Lately I’ve been trying to show my children classic movies to experience for the first time. Of course, it is wonderful family time, as the three of us kick back, pop some popcorn and take in the flick. Movies we’ve watched in recent months are some of my all-time favorites from my childhood, such as E.T. and Harry and the Henderson’s.
In our most recent movie night, we sat down with Grease.
Now, admittedly, there are a few “adult topics” in that one, but I was feeling confident they would mostly fly over the kid’s heads and they would focus more on the music. As a whole, I was correct, but—as is his right—Grease did not grab Ethan’s attention and about halfway through he decided to have alone time with his video game.
So, Alex and I had the opportunity to cuddle and watch the rest of the movie. As each song came on, she would say, “Oh, I’ve heard this song!” and she was really having a good time with Dad. Of course, the karaoke singer in me couldn’t hold back the entire time and I may or may not have performed “Summer Nights” and “You’re the One That I Want.”
Yet, as the movie was ending and the credits began to roll, Alex had an odd look on her face. She opened and closed her mouth a few times, as if trying to choose the right words very thoughtfully.
When she finally spoke, the question that came from her mouth—seemingly from her very soul—absolutely floored me.
“Daddy,” she said.
I turned my full attention to her since I could tell she was trying to work something out and needed help.
“Why did Sandy change at the end of the movie? I liked her more before she changed.”
I was stunned by the simple brilliance of the question, quite simply not expecting something that profound to come from my little girl. This was one of those moments, in fact, where I realize she’s becoming a wonderful young girl who, I believe, will be an amazing woman someday.
Then, I began to really think about the answer to her question. Why did Sandy change into the leather wearing, big haired Sandy at the end of the movie? Well, obviously, she wanted to land John Travolta as the “one that she wants”—see what I did there?—and, to do so, she had to change herself into something that we haven’t seen from her throughout the entire movie before then.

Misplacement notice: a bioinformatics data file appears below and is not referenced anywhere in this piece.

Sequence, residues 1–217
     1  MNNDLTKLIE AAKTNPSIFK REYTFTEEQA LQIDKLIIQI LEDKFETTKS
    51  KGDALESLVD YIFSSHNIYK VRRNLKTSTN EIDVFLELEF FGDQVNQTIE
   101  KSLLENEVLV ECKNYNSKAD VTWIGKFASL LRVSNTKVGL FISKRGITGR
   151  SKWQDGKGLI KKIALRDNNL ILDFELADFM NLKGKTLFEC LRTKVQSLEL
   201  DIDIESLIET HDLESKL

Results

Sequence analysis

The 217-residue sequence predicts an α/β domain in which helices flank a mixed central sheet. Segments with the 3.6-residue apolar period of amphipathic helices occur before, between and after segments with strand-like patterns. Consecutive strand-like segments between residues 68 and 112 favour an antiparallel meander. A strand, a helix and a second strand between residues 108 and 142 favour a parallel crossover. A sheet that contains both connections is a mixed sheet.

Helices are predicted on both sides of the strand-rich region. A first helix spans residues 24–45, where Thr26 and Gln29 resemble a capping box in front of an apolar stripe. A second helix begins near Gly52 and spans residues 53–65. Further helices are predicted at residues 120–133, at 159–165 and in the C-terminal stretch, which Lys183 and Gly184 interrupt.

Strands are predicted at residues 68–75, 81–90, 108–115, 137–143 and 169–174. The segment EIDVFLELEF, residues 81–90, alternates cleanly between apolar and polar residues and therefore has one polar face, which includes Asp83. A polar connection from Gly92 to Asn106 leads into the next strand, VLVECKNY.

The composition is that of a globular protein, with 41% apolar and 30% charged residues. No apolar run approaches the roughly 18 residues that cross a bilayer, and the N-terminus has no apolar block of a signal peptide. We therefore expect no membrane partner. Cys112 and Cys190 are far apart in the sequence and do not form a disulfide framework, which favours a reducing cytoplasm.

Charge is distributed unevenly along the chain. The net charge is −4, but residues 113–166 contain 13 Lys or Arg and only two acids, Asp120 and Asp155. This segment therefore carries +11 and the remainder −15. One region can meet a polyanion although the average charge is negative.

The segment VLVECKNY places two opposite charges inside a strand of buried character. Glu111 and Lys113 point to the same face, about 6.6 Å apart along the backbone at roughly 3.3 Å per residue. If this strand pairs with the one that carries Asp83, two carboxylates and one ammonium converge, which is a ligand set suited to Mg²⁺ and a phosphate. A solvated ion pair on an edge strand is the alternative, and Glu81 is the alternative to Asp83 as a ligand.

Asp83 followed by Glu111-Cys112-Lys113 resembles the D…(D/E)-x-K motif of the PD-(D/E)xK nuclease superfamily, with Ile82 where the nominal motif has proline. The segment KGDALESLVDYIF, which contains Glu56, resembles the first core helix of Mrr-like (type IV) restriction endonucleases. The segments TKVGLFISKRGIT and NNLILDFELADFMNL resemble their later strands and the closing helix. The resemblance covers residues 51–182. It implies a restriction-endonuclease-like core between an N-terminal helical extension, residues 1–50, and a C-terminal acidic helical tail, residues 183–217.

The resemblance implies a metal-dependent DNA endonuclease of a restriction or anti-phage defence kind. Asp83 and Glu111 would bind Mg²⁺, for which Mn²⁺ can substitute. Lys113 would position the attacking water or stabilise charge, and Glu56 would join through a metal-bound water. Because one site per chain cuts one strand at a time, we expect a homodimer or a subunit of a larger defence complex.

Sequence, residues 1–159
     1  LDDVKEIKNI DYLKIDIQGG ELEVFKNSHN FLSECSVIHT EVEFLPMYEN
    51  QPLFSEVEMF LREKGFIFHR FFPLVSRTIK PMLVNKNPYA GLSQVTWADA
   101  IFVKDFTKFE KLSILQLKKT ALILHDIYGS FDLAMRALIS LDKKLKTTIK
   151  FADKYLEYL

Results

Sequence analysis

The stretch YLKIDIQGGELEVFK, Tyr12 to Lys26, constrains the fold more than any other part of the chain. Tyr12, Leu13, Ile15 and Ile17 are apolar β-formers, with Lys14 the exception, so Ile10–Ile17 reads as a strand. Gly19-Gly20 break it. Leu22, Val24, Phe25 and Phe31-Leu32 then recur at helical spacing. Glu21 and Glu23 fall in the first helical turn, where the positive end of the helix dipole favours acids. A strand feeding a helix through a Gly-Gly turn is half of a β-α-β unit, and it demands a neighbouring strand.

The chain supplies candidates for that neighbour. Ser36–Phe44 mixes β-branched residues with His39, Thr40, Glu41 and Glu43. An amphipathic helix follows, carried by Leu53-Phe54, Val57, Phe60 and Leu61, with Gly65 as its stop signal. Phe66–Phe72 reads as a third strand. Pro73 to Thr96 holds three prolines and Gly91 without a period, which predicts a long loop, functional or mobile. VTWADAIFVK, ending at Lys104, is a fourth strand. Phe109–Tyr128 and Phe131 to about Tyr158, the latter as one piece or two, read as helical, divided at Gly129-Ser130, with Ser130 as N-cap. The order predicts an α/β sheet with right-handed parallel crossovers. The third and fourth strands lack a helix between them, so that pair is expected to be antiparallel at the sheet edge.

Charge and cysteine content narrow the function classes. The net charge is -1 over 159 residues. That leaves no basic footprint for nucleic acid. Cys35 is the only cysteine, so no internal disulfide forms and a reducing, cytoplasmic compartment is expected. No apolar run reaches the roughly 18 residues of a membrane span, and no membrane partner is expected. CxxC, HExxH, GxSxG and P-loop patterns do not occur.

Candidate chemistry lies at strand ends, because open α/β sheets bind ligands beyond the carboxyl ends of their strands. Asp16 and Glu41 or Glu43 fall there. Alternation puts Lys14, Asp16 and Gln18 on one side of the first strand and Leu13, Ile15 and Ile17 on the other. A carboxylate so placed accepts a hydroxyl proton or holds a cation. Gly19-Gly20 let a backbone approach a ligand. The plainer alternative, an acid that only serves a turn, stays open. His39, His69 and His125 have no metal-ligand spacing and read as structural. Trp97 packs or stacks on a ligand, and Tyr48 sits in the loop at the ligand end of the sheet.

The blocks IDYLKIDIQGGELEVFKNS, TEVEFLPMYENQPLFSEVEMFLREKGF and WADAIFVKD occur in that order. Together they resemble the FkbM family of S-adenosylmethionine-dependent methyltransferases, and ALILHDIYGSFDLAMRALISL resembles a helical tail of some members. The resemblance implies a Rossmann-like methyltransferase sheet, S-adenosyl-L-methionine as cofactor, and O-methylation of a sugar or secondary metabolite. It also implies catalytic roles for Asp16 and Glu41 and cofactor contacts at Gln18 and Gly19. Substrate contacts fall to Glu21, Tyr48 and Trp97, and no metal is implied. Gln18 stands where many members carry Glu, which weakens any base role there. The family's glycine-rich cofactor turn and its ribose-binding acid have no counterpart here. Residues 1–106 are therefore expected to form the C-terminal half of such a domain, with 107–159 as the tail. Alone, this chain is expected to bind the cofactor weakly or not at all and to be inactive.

This sparked the conversation between my daughter and myself where I explained all of that to her, but also reminded her how times have changed. I reminded her of how women can do anything men can do and to never limit herself. If she has a dream, go fight for it and achieve it.
While I’ve long-considered myself above average in this kind of conversation with my history of devotion and advocacy for the WNBA—as well as my voting history and future—Alex’s question reminded me I still have a lot to learn. After all, with all the times I’ve seen Grease in my life, I NEVER pondered the same question my 8-year old daughter felt obligated to ask. Not once.
It sometimes seems cliché to say parents learn just as much from their children as the children do from the adults. Honestly, it is over-hyped, but that doesn’t mean there aren’t moments such as this where the child has the opportunity to spark more learning and growth in the parent.
It is those times that must be cherished and taken advantage of as the true opportunity they are. We all get set in our ways and sometimes fresh, young eyes can innocently remind us of a different perspective or remind us to never settle when growing. Keep pushing.